- About Us
Virus developments are likely to play a smaller role in determining the economic outlook for frontier markets (FM) as new variants become less deadly. Nevertheless, FM are still set to face a number of challenges, from slowing economic recoveries to heightened inflationary pressures, leaving central banks with a tough balancing act.
Like the rest of the world, frontier markets have been grappling with an Omicron-driven surge in virus cases. But unlike previous outbreaks, restrictions have been light-touch, even as vaccination coverage in FM has lagged the rest of the world. Looking ahead, unless a more deadly variant emerges, further outbreaks are unlikely to require economically damaging restrictions.
That said, frontier markets still face challenges. First, some economic recoveries are losing steam. Slowing economic growth will likely put pressure on governments to keep fiscal policy accommodative, further delaying progress on sorely needed fiscal consolidation, chiefly in Argentina and Kenya. Second, higher energy costs and food prices are set to keep inflation elevated this year, prompting central banks to resume or start tightening policy. But FM assets are likely to be under pressure this year as the global tightening cycle picks up pace in H2. In contrast, the economic outlook for Vietnam, Romania and Slovenia is bright. In Vietnam, growth will be driven by exports and the reopening of the tourism sector. Growth in both Romania and Slovenia will be supported by the Recovery and Resilience Plan.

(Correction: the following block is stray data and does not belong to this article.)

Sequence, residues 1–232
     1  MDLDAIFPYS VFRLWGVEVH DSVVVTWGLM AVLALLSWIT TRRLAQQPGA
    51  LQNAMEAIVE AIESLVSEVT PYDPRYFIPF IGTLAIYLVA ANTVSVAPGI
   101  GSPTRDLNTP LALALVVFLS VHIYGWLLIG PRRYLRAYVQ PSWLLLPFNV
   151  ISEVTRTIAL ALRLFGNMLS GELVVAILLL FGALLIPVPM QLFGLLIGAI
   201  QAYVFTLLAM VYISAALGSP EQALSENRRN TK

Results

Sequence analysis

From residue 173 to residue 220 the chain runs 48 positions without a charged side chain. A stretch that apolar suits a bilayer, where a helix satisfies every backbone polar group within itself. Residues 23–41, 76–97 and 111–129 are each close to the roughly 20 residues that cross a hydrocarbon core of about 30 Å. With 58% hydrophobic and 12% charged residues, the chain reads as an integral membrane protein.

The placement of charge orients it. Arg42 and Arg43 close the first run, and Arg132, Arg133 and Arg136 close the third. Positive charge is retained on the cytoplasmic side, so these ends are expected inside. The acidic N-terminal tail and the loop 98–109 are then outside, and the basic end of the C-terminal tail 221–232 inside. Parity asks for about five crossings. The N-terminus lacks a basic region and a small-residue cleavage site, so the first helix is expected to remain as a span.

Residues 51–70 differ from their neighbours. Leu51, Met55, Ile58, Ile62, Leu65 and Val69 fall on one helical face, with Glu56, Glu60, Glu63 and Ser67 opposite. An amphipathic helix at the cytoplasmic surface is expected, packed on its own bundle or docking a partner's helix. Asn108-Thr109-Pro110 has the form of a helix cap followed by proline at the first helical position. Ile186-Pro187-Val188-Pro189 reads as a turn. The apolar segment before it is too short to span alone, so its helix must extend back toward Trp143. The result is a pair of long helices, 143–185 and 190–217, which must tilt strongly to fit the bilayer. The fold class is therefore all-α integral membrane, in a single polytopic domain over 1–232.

FM equities have moderately outperformed emerging markets (EM) over the past six months, with equity prices for the former flat compared to a small decline in EM. But valuations offer a more mixed story. The 12M forward P/E of FM has improved from a 4.2% premium to EM six months ago to a 5.9% discount. This is in line with the five-year average. But 12M trailing FM dividend yields have dropped back, narrowing the gap to EM. Indeed, FM offer a dividend yield of 2.8%, a touch higher than the 2.5% for EM, albeit still significantly above the 1.8% for DM. Meanwhile, 12M forward EPS for FM are expected to be only 27% higher by end-22 compared to their pre-pandemic levels, softer than the 40% expected in EM.
Bringing this together, in our view, FM equities in general do not look particularly cheap relative to EM, especially when considering sluggish growth prospects. Therefore, we have become more selective with regards to country allocation in this environment. Taking into account the economic, policy and political outlook as well as valuation, we make the following changes to our allocation:
*The publication reflects asset performance up to 31 January, 2022, and macro events and data releases up to 10 February, 2022, unless indicated otherwise.
The information contained herein is obtained from sources believed by City of London Investment Management Company Limited to be accurate and reliable. No responsibility can be accepted under any circumstances for errors of fact or omission. Any forward looking statements or forecasts are based on assumptions and actual results may vary from any such statements or forecasts.
City of London Investment Management Company Limited (“CLIM”) is authorised and regulated for the conduct of investment business within the UK by the Financial Conduct Authority (FCA) and is registered as an Investment Advisor with the United States Securities and Exchange Commission (SEC). Registered in England and Wales No. 2851236. Registered Office: 77 Gracechurch Street, London, EC3V 0AS, England.
© 2022 City of London Investment Management Company Limited. All rights reserved.